Wednesday, February 15, 2012

Review: Njunjul the sun



NJUNJUL The Sun
Meme McDonald &  Boori Monty Pryor
Allen & Unwin  168pp $16.95

It is true this book first came out in 2002, and that I am only reading it NOW! It is also true that it is the third title in a trilogy about a nameless boy. But I like to do things different to most people, and it was well worth the wait and the change of strategy in starting with the final title. I can safely say though that this book is a gift to Australian teenagers, especially young men. It is a story about the coming of age of one young Aboriginal fella who leaves behind his immediate family in Happy Valley (which he thinks should be called Un-Happy Valley given everyone is always sad) and heads to Sydney. Once there, his aunt and uncle, an attractive uni student upstairs and some interesting men on the basketball court, will help him unravel the teenage demons many young Aboriginal blokes deal with today.

In following his journey readers will share teenage angst, self-esteem / self-worth issues, and self-reflection. But this is not a sad or depressing journey, rather it’s a story told with the trademark humour Boori Pryor is known for in his performances. There are some hilarious vignettes throughout, including the story of how the emu apparently got its name, and how the narrator watches his uncle stretching on the side of the basketball court and thinks to himself, ‘I never stretched in my life. Only thing I ever stretched was the truth when I got in trouble.’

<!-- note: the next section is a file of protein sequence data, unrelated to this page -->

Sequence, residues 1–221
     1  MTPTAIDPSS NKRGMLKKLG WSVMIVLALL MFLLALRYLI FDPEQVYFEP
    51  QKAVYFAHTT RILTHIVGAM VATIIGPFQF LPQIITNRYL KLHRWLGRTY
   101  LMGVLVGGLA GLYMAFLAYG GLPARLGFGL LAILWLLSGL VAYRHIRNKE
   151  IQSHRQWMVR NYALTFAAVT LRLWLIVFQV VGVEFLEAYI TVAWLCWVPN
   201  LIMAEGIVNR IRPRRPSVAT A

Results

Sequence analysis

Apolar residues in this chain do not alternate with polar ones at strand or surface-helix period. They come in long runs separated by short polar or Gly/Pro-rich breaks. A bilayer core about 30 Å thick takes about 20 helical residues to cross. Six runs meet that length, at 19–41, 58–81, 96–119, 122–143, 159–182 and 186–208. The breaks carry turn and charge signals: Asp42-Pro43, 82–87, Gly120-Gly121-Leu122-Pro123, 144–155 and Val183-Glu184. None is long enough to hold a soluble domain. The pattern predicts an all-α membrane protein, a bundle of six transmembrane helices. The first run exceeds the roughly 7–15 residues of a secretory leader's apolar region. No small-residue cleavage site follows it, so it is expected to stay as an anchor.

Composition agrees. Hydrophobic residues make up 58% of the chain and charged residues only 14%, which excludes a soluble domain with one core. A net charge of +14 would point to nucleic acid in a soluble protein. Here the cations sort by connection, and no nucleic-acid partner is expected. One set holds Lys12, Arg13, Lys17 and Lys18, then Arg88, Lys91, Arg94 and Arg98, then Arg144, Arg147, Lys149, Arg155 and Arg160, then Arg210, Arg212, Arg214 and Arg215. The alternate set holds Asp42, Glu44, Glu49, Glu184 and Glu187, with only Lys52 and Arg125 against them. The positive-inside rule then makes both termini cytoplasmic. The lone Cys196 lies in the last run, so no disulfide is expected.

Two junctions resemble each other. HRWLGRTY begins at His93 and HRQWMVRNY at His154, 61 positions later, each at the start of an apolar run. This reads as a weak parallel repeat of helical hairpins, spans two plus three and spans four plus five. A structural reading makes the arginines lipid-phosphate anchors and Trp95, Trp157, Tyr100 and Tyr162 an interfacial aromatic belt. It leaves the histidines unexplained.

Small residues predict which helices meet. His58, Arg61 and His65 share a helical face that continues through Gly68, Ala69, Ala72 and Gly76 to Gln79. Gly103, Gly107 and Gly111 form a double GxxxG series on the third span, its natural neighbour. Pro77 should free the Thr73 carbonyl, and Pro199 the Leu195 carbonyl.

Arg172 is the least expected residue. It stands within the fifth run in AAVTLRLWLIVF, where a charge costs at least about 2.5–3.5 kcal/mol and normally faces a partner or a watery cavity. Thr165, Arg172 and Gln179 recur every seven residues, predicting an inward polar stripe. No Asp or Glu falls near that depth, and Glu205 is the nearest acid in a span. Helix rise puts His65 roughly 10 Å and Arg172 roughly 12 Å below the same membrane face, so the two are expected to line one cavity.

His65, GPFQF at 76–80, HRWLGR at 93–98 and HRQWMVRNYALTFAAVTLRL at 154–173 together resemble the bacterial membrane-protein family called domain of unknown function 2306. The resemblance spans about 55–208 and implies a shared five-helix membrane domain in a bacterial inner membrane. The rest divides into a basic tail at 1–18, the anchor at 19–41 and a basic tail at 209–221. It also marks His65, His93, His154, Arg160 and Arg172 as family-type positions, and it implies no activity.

This young lad doesn’t get in too much trouble though, because while he’s analysing his own life and those around him, he is also thinking about important things like football and checking out the chicky-babes, including Rhonda, his neighbour!

Life in Sydney is a world away from tropical Queensland. In the city, his Aunty Em teaches at a multicultural school and is nicknamed Rush Hour because she rushes everywhere, and his Uncle Garth drives a powder-blue Merc. It’s while living with them that he finds a sense of personal happiness, a sense of place, and solidarity on the basketball courts, where he hangs with his Uncle and colourful characters such as Leaping Leeroy, Ritchie Rich, the Boss (who looks like Bruce Springsteen), the Sultan of Swat and the Guru.